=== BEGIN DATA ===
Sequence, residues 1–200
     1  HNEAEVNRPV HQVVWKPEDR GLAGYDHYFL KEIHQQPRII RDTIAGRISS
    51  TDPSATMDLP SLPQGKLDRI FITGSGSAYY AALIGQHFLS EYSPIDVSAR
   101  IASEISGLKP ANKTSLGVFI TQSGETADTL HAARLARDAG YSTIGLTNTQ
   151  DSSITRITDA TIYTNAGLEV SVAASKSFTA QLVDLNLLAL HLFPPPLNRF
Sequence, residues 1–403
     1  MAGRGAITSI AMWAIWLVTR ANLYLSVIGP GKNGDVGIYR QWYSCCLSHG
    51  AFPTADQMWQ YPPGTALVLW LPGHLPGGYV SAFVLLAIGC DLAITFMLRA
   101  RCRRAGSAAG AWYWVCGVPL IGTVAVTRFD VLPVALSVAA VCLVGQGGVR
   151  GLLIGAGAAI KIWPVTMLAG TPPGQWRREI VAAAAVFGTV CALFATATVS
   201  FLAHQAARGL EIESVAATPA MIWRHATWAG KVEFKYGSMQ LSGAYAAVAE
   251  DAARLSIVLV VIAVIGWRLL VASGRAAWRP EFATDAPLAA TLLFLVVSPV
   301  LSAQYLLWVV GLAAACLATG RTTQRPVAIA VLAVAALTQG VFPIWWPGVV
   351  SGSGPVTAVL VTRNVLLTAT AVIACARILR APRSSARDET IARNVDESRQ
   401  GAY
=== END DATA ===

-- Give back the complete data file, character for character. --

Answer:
Sequence, residues 1–200
     1  HNEAEVNRPV HQVVWKPEDR GLAGYDHYFL KEIHQQPRII RDTIAGRISS
    51  TDPSATMDLP SLPQGKLDRI FITGSGSAYY AALIGQHFLS EYSPIDVSAR
   101  IASEISGLKP ANKTSLGVFI TQSGETADTL HAARLARDAG YSTIGLTNTQ
   151  DSSITRITDA TIYTNAGLEV SVAASKSFTA QLVDLNLLAL HLFPPPLNRF
Sequence, residues 1–403
     1  MAGRGAITSI AMWAIWLVTR ANLYLSVIGP GKNGDVGIYR QWYSCCLSHG
    51  AFPTADQMWQ YPPGTALVLW LPGHLPGGYV SAFVLLAIGC DLAITFMLRA
   101  RCRRAGSAAG AWYWVCGVPL IGTVAVTRFD VLPVALSVAA VCLVGQGGVR
   151  GLLIGAGAAI KIWPVTMLAG TPPGQWRREI VAAAAVFGTV CALFATATVS
   201  FLAHQAARGL EIESVAATPA MIWRHATWAG KVEFKYGSMQ LSGAYAAVAE
   251  DAARLSIVLV VIAVIGWRLL VASGRAAWRP EFATDAPLAA TLLFLVVSPV
   301  LSAQYLLWVV GLAAACLATG RTTQRPVAIA VLAVAALTQG VFPIWWPGVV
   351  SGSGPVTAVL VTRNVLLTAT AVIACARILR APRSSARDET IARNVDESRQ
   401  GAY